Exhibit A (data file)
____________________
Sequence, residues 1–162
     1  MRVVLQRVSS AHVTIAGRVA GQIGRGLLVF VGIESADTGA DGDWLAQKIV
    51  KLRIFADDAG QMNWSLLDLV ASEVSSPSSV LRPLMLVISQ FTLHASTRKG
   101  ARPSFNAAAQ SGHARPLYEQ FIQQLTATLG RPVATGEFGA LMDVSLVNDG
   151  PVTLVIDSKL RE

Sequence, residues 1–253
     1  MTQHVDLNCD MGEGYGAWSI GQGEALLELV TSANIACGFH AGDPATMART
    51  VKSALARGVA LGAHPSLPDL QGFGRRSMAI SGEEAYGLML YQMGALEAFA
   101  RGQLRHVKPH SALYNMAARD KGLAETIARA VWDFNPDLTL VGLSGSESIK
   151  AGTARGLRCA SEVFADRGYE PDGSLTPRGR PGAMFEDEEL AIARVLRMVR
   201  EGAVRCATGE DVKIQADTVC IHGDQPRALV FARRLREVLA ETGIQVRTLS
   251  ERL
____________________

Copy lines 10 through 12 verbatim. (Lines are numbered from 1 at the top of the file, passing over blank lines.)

   151  AGTARGLRCA SEVFADRGYE PDGSLTPRGR PGAMFEDEEL AIARVLRMVR
   201  EGAVRCATGE DVKIQADTVC IHGDQPRALV FARRLREVLA ETGIQVRTLS
   251  ERL